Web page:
His boss picked up his US$1 million contract option for next year. His team fulfilled a goal by making the playoffs for the first time since 2000. Minnesota Vikings coach Mike Tice should have been in a cheery mood this week.
But the Vikings (8-8) backed into the playoffs after another late-season collapse, and Tice found himself trying to glue together the pieces of his team's shattered psyche -- as well as his own -- before Sunday's wild-card matchup with the Green Bay Packers at Lambeau Field.
"I think Monday, we were the only one of the playoff teams that wasn't happy. I really believe that," Tice said Wednesday. "I think I was the only head coach out of 12. There were 20 guys doing physicals with their teams and firing coordinators. They were not happy. There were 12 other guys, and 11 were happy. I was probably the only one not happy.
"Why? Because you want to win that last game and have a better taste in your mouth. We didn't have that good taste in your mouth."
For the second consecutive season the Vikings lost seven of their final 10 games to ruin any chance of unseating the Packers as NFC North champions. In last season's finale, they lost to the Arizona Cardinals, 18-17, on the final play of the game, which cost them a playoff berth. This season, thanks to the NFC's ineptitude, the Vikings sneaked into the post-season despite finishing with a 1-4 record, which included back-to-back losses to the Packers and Washington in the last two games. The only reason they beat the Lions was a botched snap on an extra-point attempt that would have sent the game into overtime.
With a pile of statistical evidence against them - the most damaging a 2-20 mark outdoors since 2000 - the Vikings invade Lambeau with the daunting task of trying to beat Brett Favre, the best big-game quarterback in the NFC.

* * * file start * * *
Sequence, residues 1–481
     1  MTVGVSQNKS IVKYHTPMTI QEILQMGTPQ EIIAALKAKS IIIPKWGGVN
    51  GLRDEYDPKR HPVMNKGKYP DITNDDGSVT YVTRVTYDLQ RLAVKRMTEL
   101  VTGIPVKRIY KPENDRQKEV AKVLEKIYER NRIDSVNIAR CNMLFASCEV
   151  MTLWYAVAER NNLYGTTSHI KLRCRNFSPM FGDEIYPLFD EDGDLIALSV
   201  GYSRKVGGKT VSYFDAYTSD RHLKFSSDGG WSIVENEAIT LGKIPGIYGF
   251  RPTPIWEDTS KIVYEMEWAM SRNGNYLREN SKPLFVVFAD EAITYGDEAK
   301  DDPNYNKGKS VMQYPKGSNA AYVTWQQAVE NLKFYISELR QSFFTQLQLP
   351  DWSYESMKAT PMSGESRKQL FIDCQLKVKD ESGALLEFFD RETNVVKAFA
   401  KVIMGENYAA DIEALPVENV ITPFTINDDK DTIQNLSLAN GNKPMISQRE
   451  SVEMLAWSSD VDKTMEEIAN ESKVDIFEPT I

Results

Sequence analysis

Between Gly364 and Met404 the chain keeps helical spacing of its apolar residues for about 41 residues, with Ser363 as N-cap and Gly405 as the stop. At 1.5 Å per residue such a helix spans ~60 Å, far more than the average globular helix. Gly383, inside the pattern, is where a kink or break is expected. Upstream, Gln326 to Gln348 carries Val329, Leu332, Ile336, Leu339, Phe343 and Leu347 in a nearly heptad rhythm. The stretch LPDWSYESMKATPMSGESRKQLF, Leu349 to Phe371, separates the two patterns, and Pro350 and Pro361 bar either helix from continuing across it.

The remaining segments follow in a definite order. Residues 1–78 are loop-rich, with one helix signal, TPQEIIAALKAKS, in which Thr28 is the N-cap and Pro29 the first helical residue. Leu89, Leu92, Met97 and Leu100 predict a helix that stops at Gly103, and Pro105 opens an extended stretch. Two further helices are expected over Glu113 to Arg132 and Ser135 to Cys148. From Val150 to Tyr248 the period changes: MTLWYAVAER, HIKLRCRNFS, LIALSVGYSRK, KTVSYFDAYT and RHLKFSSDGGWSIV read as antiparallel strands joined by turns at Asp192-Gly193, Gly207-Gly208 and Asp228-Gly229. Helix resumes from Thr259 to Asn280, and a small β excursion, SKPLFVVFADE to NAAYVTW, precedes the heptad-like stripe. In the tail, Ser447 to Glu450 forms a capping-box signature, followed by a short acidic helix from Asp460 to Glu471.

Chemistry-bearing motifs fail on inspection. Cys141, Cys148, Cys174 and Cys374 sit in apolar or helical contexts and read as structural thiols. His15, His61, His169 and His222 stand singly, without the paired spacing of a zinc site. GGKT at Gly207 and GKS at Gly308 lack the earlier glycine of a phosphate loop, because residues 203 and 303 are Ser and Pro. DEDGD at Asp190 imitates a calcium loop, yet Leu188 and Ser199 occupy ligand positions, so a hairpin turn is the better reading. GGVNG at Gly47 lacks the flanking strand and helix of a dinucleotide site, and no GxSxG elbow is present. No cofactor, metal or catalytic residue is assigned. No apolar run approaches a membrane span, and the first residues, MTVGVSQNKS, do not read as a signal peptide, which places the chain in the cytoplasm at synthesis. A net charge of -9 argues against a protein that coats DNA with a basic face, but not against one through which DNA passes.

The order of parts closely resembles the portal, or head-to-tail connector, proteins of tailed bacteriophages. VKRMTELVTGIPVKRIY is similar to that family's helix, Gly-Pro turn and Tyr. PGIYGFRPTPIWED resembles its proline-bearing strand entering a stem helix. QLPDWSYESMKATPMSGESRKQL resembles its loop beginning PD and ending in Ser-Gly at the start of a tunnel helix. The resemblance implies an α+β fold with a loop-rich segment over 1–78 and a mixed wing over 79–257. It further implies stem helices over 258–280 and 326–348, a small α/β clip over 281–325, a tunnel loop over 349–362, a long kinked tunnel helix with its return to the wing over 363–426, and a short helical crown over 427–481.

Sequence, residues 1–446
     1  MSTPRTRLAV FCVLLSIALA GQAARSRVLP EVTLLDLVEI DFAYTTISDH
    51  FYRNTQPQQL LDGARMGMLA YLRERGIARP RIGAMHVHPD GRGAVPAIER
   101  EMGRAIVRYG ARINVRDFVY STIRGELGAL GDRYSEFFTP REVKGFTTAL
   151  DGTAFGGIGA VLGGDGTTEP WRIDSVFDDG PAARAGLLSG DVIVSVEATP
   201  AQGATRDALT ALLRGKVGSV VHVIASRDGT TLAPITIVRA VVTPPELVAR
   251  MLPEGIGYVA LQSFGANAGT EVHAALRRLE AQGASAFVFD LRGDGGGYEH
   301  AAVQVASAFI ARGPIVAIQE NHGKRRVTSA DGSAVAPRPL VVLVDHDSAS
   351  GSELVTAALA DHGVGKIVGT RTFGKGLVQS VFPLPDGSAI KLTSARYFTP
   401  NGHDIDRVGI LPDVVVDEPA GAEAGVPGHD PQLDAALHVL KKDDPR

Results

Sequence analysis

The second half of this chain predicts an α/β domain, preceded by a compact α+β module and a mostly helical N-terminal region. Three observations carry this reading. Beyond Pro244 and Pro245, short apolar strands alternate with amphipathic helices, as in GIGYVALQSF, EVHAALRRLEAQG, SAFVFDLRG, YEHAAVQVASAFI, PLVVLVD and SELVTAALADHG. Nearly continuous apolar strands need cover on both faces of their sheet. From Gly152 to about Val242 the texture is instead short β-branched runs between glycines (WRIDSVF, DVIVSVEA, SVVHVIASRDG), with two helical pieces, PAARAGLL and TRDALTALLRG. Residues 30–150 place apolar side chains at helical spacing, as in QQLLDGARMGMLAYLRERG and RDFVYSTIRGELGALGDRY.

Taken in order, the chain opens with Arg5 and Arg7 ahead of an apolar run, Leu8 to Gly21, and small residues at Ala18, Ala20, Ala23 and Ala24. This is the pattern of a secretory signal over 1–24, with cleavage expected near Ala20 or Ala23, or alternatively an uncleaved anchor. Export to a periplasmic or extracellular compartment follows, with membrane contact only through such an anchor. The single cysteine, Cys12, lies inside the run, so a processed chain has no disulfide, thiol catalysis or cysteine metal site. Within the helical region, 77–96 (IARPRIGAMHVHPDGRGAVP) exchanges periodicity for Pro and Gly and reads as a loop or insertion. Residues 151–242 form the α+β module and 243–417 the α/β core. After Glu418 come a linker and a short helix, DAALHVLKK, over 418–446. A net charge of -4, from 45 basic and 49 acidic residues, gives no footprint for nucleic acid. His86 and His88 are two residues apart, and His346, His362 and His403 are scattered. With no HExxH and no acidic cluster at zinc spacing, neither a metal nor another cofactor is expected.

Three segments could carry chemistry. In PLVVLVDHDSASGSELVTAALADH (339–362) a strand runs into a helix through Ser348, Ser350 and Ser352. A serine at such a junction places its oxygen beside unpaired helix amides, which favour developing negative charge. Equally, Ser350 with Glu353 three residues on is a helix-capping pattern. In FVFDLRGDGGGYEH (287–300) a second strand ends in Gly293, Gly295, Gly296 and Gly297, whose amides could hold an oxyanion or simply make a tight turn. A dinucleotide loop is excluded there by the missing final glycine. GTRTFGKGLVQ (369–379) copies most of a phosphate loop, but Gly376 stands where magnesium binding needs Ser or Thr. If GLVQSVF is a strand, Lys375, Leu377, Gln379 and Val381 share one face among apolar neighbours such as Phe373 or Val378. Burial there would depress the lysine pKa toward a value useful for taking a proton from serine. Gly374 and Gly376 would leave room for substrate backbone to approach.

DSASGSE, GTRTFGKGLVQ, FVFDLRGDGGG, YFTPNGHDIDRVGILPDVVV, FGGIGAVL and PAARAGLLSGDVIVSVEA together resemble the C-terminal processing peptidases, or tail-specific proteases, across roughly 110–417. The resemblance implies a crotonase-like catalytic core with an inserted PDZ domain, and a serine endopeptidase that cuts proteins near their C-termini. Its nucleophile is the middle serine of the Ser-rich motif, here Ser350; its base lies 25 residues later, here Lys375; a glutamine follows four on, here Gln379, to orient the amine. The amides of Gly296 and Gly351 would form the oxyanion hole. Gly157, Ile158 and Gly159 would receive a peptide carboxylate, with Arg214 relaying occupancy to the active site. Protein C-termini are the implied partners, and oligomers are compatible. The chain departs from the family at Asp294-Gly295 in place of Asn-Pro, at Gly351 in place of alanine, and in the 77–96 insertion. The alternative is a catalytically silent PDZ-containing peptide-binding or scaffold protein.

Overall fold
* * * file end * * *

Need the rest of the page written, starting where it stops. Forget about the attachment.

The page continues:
"I'm not Knute Rockne; they know they're the underdogs," Tice said. "Probably half their wives don't think they can win."
Penalties? Breakdowns? Poor defense? Lately, the Vikings have been guilty of all three.
Last Sunday, offensive tackle Adam Goldberg committed a holding penalty that wiped out a 62-yard touchdown catch by Randy Moss. A wide-open Nate Burleson dropped a sure touchdown pass. And a false start by Moss, on third-and-goal from the 1-yard line in the second quarter, forced the Vikings to kick a field goal.
And with two seconds to play, the Vikings trailed by 21-18 and lined up for an onside kick, when Moss angered teammates by walking to the locker room. Center Matt Birk later confronted Moss with language unbecoming a Harvard graduate, and Birk and quarterback Daunte Culpepper both criticized Moss for giving up before the game was over.
Tice, who occasionally chest-bumps Moss after touchdowns, did not fine Moss, suggesting instead he make it up to his teammates with a big game against the Packers. In 13 games against Green Bay, Moss has seven 100-yard days and 12 touchdowns. "If he stays on the field for 60 minutes, we've got a chance," Tice said, smiling.
Even if Moss excels, the Vikings will be hard-pressed to win. The Packers have beaten the Vikings twice this season, both times by 34-31 on Ryan Longwell field goals in the final seconds. Fifteen times since the 1970 merger, division rivals met in the playoffs after one team swept both regular-season games; the sweeping team won 10. Green Bay is three-for-three, beating Detroit in 1993 and 1994 and Tampa Bay in 1997.